On getting clear about your desires:
“That’s the principle that governs all things,” he said. “In alchemy, it’s called the Soul of the World. When you want something with all your heart, that’s when you are closest to the Soul of the World. It’s always a positive force.”
On living in the now:
The camel driver, though, seemed not to be very concerned with the threat of war. “I’m alive,” he said to the boy, as they ate a bunch of dates one night, with no fires and no moon. “When I’m eating, that’s all I think about. If I’m on the march, I just concentrate on marching. If I have to fight, it will be just as good a day to die as any other. “Because I don’t live in either my past or my future. I’m interested only in the present. If you can concentrate always on the present, you’ll be a happy man. You’ll see that there is life in the desert, that there are stars in the heavens, and that tribesmen fight because they are part of the human race. Life will be a party for you, a grand festival, because life is the moment we’re living right now.”
On courage and persistence:
Meanwhile, the boy thought about his treasure. The closer he got to the realization of his dream, the more difficult things became. It seemed as if what the old king had called “beginner’s luck” were no longer functioning. In his pursuit of the dream, he was being constantly subjected to tests of his persistence and courage. So he could not be hasty, nor impatient. If he pushed forward impulsively, he would fail to see the signs and omens left by God along his path. God placed them along my path. He had surprised himself with the thought. Until then, he had considered the omens to be things of this world. Like eating or sleeping, or like seeking love or finding a job. He had never thought of them in terms of a language used by God to indicate what he should do. “Don’t be impatient,” he repeated to himself. “It’s like the camel driver said: ‘Eat when it’s time to eat. And move along when it’s time to move along.’”
“What you still need to know is this: before a dream is realized, the Soul of the World tests everything that was learned along the way. It does this not because it is evil, but so that we can, in addition to realizing our dreams, master the lessons we’ve learned as we’ve moved toward that dream. That’s the point at which most people give up. It’s the point at which, as we say in the language of the desert, one ‘dies of thirst just when the palm trees have appeared on the horizon.’ “Every search begins with beginner’s luck. And every search ends with the victor’s being severely tested.”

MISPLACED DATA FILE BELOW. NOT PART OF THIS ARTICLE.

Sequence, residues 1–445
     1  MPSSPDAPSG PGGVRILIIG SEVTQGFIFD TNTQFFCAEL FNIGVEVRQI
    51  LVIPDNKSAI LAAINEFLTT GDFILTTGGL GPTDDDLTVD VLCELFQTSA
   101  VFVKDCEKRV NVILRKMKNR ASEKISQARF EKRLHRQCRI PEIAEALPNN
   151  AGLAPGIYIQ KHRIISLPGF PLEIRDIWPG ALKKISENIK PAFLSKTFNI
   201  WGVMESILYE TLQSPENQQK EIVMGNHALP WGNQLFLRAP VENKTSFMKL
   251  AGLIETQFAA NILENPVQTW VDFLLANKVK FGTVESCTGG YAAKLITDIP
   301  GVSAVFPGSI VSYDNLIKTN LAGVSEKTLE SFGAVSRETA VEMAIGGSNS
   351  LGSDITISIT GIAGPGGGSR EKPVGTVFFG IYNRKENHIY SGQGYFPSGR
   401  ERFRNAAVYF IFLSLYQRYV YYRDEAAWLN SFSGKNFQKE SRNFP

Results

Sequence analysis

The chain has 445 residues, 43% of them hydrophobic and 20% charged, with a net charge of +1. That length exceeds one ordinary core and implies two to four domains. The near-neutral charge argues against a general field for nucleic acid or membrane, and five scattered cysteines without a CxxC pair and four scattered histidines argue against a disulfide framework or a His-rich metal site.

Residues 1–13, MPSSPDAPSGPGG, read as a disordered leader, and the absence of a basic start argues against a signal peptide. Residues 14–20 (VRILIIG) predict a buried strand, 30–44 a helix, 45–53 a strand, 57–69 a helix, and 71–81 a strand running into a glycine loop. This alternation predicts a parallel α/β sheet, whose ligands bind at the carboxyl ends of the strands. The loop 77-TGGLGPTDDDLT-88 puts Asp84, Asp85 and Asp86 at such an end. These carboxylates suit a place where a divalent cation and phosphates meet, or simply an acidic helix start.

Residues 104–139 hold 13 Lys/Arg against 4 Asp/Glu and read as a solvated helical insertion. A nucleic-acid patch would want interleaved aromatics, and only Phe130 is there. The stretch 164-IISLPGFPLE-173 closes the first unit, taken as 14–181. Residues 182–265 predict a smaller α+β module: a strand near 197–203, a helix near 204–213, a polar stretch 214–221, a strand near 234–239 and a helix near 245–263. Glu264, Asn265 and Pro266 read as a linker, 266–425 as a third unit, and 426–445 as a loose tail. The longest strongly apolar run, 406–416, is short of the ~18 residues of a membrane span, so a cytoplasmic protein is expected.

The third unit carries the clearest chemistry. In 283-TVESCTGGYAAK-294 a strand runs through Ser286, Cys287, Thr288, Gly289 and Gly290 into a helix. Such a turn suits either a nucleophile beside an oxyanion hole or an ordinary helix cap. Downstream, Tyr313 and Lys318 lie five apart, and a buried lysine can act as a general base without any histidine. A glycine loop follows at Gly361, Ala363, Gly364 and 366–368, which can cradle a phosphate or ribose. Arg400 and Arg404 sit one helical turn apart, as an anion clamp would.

On pursuing your legend:
“When I have been truly searching for my treasure, every day has been luminous, because I’ve known that every hour was a part of the dream that I would find it. When I have been truly searching for my treasure, I’ve discovered things along the way that I never would have seen had I not had the courage to try things that seemed impossible for a shepherd to achieve.”
“If a person is living out his Personal Legend, he knows everything he needs to know. There is only one thing that makes a dream impossible to achieve: the fear of failure.” “I’m not afraid of failing. It’s just that I don’t know how to turn myself into the wind.” “Well, you’ll have to learn; your life depends on it.” “But what if I can’t?” “Then you’ll die in the midst of trying to realize your Personal Legend. That’s a lot better than dying like millions of other people, who never even knew what their Personal Legends were.